As for as I’m concerned with our next manager, we can forget about long-term planning, youth development and whether they’ve got a history of taking their previous club to the next level (Europe). The bottom line is that if we don’t nail this next managerial appointment, there’s simply no Premier League future to plan for.

The reality is that we’ve got eight games remaining to claw our way back to safety, with numerous sides around us gaining momentum as each game week passes.

Southampton’s only aim at this moment in time should be finding someone who’s capable of inspiring a depleted squad. Someone who can quickly install confidence, implement an identity and command respect; three things that Pellegrino failed drastically at achieving.

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Hughes is no revelation. We won’t be playing the expansive fast-paced football that many Southampton fans so desperately desire – let’s get that out the way. But knowing that Hughes has only got eight games to make an instant impact on our side, I’ll be willing to guarantee that he simply won’t allow a repeat of last Saturday’s performance.

He’s been known over his previous tenures for adding a gritty, physical and aggressive style to his sides. Something which in fairness, we’ve severely lacked since Koeman’s departure in 2016. We’ve been all too nice for far too long now – in the physical sense and in front of the opposition’s goal.

He’s also always looked to form a physical partnership at the heart of his midfield, which could be good news for Oriol Romeu and Mario Lemina, in addition to welcoming attacking flair in wide areas. Nathan Redmond and Sofiane Boufal are desperately in need of a manager that understands and appreciates their qualities.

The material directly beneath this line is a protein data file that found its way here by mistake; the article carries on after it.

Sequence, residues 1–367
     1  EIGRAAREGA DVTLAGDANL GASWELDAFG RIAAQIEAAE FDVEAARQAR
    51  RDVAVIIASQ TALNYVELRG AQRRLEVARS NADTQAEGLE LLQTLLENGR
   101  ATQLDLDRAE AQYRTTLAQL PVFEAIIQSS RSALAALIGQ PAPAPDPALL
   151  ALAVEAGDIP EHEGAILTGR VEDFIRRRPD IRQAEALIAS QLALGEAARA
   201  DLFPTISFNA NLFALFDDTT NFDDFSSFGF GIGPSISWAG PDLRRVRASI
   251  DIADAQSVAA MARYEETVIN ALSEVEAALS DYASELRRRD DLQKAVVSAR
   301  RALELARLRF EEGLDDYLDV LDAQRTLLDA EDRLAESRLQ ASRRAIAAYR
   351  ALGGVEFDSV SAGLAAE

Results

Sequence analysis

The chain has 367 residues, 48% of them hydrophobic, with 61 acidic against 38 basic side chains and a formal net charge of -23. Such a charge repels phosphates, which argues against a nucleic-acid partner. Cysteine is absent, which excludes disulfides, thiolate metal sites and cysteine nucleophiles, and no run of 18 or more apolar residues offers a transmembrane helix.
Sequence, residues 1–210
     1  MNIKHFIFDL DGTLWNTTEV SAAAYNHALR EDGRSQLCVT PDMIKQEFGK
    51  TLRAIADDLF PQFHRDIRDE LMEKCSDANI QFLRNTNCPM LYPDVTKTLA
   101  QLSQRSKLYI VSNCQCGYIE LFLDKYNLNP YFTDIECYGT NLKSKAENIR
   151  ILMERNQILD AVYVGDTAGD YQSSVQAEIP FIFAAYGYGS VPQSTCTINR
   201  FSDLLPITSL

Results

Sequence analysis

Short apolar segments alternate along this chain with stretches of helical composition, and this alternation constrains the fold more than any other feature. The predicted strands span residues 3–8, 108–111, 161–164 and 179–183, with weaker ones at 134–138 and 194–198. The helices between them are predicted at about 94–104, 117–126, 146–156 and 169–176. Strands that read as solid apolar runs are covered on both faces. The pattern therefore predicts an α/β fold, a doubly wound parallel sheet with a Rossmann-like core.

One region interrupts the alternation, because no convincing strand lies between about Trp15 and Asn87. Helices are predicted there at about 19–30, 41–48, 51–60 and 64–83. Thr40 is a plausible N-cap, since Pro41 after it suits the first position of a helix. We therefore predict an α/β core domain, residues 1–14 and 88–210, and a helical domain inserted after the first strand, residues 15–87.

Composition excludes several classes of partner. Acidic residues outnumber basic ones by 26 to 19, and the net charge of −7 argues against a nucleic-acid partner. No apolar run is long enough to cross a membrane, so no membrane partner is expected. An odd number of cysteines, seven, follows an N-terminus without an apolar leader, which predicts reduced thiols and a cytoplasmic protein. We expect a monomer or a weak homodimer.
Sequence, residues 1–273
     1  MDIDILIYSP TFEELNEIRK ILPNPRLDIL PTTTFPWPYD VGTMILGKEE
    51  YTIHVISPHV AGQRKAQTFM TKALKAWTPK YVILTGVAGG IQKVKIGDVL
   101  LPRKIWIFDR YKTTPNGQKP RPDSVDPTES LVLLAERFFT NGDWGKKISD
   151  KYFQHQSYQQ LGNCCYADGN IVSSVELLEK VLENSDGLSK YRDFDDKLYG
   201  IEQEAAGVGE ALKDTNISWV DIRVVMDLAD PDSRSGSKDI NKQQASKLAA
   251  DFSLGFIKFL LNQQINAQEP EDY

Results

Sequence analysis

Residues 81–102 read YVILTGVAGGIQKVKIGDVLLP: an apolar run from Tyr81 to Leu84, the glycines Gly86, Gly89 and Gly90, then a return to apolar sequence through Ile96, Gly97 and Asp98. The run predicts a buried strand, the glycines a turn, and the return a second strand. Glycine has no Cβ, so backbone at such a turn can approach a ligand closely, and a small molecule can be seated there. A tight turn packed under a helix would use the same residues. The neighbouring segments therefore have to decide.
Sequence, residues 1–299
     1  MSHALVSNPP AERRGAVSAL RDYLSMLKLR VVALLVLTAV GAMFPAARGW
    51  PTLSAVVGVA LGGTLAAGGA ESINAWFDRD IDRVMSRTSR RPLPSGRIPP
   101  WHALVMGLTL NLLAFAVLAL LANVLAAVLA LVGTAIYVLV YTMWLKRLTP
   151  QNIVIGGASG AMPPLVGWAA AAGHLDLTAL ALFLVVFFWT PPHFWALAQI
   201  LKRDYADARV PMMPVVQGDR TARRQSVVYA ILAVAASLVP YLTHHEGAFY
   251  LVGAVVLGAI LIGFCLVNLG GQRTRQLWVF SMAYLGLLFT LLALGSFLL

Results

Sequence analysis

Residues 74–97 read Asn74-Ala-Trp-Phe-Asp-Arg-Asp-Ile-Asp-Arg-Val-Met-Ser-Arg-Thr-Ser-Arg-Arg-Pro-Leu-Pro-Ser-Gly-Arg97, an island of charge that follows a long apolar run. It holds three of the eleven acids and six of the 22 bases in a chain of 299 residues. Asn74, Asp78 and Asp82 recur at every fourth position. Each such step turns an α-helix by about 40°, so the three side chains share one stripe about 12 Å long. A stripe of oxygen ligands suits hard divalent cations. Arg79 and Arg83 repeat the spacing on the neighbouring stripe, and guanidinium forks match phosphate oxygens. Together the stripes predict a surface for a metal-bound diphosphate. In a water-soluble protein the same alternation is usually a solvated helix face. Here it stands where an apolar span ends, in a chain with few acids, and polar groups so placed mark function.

Many have jumped at the chance to criticise Hughes for his collapse with Stoke City earlier this season, and that’s certainly a worry to consider. But they conveniently chose to ignore the fact that he inherited an anti-football Tony Pulis side, and helped them on their way to three consecutive finishes in the top half of the table. All whilst showcasing the best football they’ve played since their return to the Premier League in 2007.

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So why have a number of fans shown so much resent to the idea of recruiting Hughes?

In my mind, fans are fearful of what such an appointment means for the club. That by recruiting Hughes, we’ve become just another Premier League side that fails to think for themselves.

Over the last five years, we’ve taken pride in the fact that we innovate and continue to buck the trend by way of player and manager recruitment. Since 2014 we’ve served as a model club for those in the Championship and those facing relegation.

But those players, leaders and managers that helped to form that reputation are no longer here. It’s time for us to come to terms with the fact that we’re no longer that same side.

Now by no means am I suggesting that we stop innovating and trying to push the boundaries of what’s possible as a mid-table side. Far from it. But what I am suggesting is that now is not the time to roll the dice in a bid to rediscover ourselves.

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We’re in grave danger. Crystal Palace and Stoke City remain just one point below us in the relegation zone, whilst Swansea City who were once considered down and out, now sit three points above.

I’m willing to welcome the physical, gritty and no-nonsense approach that Hughes offers, solely because this current Southampton side are in a downward spiral that’s shown few signs of slowing down. Let alone stopping.

When the players have talked about finishing this current season in the top half of the table we’ve criticised them for being naive. For thinking too far ahead while danger continues to stare them in the face.

So let’s not be naive enough to talk about the long-term future with regards to Southampton’s next managerial appointment.